What the signers shared, however, was the desire to see some good come of a post-Saddam Iraq and for the most targeted enemies of the regime – secular socialists, trade unionists, Kurdish politicians – to stake their claim at self-determination. All Eustonites shared a commitment to human rights, regardless of the hemisphere in which they were being violated: Are the victims of Robert Mugabe any less piteous because Mugabe once fought against British colonialism? They denounced the reflexive anti-Americanism that constitutes an ideology for figures like Noam Chomsky and Robert Fisk, a tendency that is also wedded to the notion that Israel is the most criminal nation on the planet.
Euston was an attempt to end the polarization that’s infected the left since the collapse of the Soviet Union robbed the movement of its sense of historical direction. Without a coherent strategy, liberalism devolved into a balkanized nightmare where liberal precepts were lost to the pressure of radical imperatives. It was a time for unity.
That time was short lived. In the August 5th issue of the New York Times Magazine, Michael Ignatieff represented his support for the intervention as the product of foolish “emotion” for the suffering of the Kurds and Shia of Iraq. But opposition to the slaughter of minorities is no frivolous emotion; it is an essential and non-negotiable feature of leftist politics. Ignatieff is entitled to change his mind, but he should have the self-respect not to mischaracterize his former position and thus suggest there were no compelling reasons for ending a genocidal fascist dictatorship.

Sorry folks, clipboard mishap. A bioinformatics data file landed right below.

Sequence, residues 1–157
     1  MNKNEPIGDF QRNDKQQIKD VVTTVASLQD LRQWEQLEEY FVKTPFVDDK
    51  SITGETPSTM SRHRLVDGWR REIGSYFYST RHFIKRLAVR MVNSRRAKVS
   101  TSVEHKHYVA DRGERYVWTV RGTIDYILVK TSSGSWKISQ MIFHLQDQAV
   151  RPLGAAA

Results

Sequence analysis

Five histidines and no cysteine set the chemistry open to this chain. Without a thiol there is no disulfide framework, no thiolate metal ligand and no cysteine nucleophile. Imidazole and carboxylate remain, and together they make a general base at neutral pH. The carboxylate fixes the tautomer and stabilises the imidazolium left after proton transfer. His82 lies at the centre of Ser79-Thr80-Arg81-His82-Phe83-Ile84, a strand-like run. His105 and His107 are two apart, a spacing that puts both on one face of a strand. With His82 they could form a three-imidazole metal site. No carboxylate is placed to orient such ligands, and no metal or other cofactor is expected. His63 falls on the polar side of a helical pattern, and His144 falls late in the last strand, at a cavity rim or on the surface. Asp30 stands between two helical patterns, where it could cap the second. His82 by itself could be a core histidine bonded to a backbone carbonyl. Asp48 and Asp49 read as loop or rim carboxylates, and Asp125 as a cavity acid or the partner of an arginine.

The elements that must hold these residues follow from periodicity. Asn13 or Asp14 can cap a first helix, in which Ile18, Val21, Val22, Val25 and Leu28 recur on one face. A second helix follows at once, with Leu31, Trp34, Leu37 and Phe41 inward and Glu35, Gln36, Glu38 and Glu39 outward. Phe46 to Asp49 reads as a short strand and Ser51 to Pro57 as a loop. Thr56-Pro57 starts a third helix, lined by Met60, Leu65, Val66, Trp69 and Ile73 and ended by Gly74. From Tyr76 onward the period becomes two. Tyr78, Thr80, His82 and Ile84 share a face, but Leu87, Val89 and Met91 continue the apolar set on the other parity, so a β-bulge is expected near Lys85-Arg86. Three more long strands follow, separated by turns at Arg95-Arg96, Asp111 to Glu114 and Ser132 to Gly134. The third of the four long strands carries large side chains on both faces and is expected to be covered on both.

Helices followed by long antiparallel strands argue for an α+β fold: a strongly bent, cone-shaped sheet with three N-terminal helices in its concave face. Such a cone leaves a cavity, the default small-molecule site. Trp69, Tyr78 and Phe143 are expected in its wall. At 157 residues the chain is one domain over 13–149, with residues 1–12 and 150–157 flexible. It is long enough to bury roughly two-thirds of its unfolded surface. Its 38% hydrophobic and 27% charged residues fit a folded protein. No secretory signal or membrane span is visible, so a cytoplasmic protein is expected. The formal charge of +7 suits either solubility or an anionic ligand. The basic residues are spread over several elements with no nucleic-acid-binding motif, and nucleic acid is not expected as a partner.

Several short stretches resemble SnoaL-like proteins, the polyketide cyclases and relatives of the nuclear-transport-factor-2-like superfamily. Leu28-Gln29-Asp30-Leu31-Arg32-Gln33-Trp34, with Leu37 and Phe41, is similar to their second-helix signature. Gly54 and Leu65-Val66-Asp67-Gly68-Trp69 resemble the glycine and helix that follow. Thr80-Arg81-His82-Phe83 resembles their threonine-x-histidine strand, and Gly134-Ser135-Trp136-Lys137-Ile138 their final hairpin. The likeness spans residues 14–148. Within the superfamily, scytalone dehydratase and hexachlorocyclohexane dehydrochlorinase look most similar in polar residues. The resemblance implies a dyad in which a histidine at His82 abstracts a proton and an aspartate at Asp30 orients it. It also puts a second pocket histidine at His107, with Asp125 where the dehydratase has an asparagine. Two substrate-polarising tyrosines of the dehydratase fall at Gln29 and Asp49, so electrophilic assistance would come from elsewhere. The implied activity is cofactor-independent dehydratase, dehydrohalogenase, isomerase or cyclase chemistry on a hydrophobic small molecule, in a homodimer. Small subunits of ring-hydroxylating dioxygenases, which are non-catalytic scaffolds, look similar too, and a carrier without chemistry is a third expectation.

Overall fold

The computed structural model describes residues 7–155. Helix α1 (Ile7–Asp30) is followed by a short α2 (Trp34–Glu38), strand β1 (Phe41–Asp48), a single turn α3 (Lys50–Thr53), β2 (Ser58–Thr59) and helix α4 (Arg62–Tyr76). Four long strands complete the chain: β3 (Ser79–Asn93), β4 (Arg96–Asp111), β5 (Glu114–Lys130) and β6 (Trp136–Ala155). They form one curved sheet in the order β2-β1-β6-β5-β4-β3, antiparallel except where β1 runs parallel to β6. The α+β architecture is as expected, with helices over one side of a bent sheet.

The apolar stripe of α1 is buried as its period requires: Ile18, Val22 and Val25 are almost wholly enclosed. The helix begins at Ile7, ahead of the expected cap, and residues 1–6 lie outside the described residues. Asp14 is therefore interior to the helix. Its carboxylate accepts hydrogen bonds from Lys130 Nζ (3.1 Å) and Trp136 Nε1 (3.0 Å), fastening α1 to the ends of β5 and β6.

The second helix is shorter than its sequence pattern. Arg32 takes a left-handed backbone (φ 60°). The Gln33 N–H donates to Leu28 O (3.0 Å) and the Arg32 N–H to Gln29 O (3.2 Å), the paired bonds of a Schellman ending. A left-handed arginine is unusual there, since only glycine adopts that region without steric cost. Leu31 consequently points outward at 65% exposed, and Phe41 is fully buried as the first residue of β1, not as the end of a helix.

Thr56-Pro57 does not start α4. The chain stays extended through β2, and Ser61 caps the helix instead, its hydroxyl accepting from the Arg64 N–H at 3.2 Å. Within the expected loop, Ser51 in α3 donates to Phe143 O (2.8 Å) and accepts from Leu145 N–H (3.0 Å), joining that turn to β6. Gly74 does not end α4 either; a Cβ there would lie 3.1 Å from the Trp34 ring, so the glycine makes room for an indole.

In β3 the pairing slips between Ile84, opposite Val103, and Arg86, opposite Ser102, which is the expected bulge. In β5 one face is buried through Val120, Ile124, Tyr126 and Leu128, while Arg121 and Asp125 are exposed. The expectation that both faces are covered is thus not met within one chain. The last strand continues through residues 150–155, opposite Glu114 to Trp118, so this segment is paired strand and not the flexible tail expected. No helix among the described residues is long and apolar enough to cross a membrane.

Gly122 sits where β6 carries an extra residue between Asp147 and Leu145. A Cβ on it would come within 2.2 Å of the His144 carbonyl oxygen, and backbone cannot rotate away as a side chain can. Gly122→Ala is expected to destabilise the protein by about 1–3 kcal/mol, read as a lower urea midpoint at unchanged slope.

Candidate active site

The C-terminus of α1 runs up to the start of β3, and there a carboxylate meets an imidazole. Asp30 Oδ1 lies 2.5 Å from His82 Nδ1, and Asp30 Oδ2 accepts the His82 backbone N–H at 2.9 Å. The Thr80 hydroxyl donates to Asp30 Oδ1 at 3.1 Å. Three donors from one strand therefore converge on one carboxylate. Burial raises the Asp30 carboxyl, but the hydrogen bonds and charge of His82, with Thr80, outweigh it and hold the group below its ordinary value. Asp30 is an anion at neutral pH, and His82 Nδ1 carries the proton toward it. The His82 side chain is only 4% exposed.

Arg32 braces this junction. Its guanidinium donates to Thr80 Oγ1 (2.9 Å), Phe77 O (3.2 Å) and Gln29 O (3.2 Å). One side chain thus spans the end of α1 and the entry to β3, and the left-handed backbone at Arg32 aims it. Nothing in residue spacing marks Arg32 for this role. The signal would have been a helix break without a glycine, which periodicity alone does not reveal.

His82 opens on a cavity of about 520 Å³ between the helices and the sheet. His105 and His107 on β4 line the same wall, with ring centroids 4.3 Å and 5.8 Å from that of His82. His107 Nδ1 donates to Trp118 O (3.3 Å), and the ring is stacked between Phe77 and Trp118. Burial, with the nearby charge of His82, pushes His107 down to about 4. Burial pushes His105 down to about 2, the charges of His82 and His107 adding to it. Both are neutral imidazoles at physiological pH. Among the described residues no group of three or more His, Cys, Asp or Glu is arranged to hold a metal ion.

Of all those who once backed the war but then recanted, surely none has matched the shamelessness of British journalist Johann Hari, who today denounces Euston with all the hysterical and slanderous zeal of a penitent heretic seeking to return to Holy Mother Church.
Hari’s “eulogy for the pro-war left” was published in the Independent newspaper as an expanded version of his blunt hatchet job for Dissent magazine on the book What’s Left: How the Liberals Lost Their Way, written by the Observer columnist and Euston Manifesto co-author Nick Cohen.
What’s Left is a bitterly candid history of the left’s penchant for betraying its own ideals when they matter most. It’s a tale that begins not with the nutbags of the ANSWER coalition or the Socialist Workers' Party, or the RESPECT Party ghoul George Galloway, but with Communists who allied with Hitler during his notorious pact with Stalin, a period rightly termed the “midnight of the century.” From here, the left’s plunge into desuetude became easy: Cohen chronicles the radical chic of the sixties and seventies, when celebrities like the Redgraves were in thrall to the “Trotskyist” cult leader Gerry Healy, and when New Left icons like Sartre and Foucault cheered theocratic reactionaries like the Ayatollah Khomeini and sport-killing rebels like Che Guevara.
Today, with the rise of various schools of postmodern theory, a politics of improvisation prevails. Anything goes on the left, including doing the rancid public relations work of Slobodan Milosevic and Saddam Hussein. To glance at some of the slogans of antiwar marches – “Hands Off Iraq” neatly conflated a people with its enslaver – is to see how such fringe thinking has penetrated the liberal mainstream.